NOVOSELSKOE VIOLENCE: PROPERTY BRAWL OR INTER-ETHNIC BATTLE?
Publication: North Caucasus Weekly Volume: 6 Issue: 31
A mass brawl took place on August 6 in the village of Novoselskoe in Dagestan’s Khasavyurt district between a group of young people from the village and another group of young people from the nearby village of Moksob. According to various reports, anywhere from six to more than 20 people were hospitalized with injuries sustained from the fight. Seven people were arrested in the incident. The Regnum news agency reported that according to one version of events, the brawl was the result of disputes over land plots. The agency noted, however, that a majority of residents of Novoselskoe are Chechens while a majority of Moksob’s residents are Avars, and that the violence may have been sparked by an argument over the raid in Borozdinovskaya in early June.
Dagestani deputy minister for national policy, information and external relations, Zikrulla Ilyasov, denied that ethnic hostilities played any role in brawl, Kommersant reported on August 10. Chechen officials, however, took a different view. On August 9, Chechnya’s State Council issued a statement expressing “deep concern” over the incident, Interfax reported. “In spite of a statement by the Dagestani Interior Ministry that the incident was of a domestic nature, we are worried by the fact that the parties to the conflict were divided along ethnic lines,” the council stated, adding that it was possible that “the actions of the instigators were of a provocative nature and were designed to destabilize the situation in the region.” According to Interfax, Chechen State Council Chairman Taus Dzhabrailov on August 8 expressed concern at a possible worsening of inter-ethnic relations in a number of villages in Dagestan. Novoselskoe, he said, was founded by Chechen-Aukhovtsy, several thousand of whom have lived there “since time immemorial.” “These people didn’t arrive there from anywhere, they are indigenous to these areas and found themselves on the administrative territory of Dagestan when the Chechens were deported to Siberia in 1944, and after their return, the administrative border had already been drawn, placing these villages inside Dagestan,” Dzhabrailov said.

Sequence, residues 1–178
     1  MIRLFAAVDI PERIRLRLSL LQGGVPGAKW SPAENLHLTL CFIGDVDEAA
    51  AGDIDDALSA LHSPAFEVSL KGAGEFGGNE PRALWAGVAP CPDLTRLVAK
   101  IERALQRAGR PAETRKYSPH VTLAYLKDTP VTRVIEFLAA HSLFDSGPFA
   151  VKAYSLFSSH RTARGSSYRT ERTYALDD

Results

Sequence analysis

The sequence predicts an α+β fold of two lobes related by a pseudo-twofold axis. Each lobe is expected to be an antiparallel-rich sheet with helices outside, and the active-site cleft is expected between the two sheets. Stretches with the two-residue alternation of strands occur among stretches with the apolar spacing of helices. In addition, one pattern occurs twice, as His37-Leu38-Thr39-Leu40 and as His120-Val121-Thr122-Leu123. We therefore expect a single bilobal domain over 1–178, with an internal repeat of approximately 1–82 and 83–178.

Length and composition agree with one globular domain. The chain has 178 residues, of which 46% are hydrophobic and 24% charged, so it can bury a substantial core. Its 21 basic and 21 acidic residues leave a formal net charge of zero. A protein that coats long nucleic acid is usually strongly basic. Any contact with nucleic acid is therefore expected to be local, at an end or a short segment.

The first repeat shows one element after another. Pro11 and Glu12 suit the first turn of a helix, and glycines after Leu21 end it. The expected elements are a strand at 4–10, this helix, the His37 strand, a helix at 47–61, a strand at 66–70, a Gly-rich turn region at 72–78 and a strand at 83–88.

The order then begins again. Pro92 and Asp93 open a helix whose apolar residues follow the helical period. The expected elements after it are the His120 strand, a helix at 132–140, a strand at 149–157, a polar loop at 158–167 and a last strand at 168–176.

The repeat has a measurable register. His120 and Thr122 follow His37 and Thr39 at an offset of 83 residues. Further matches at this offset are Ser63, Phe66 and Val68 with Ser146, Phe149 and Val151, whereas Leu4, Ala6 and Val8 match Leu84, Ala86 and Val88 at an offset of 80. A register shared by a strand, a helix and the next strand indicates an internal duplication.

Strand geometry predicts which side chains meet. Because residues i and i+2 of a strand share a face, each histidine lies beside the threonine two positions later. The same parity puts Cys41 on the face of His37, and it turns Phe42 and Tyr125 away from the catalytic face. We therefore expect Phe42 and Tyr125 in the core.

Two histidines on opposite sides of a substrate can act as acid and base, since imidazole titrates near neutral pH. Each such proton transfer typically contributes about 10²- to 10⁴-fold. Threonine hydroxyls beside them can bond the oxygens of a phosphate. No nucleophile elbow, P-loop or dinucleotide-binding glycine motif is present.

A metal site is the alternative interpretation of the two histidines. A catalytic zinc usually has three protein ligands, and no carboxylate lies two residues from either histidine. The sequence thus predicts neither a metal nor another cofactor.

Meanwhile, fresh bombing attacks in Dagestan targeted various infrastructure and businesses. A bomb went off at an electric power sub-station on the outskirts of the village of Mogilyovskoe in the Khasavyurt district on August 4. The facility was damaged but no one was injured. A bomb exploded in a building belonging to a transportation firm in Makhachkala on August 3, wounding an employee and a policeman, RIA Novosti reported. That same day, an explosive device consisting of a hand-grenade and a timer was discovered at the Mozdok-Kazimagomed gas main outside Makhachkala and defused, Itar-Tass reported.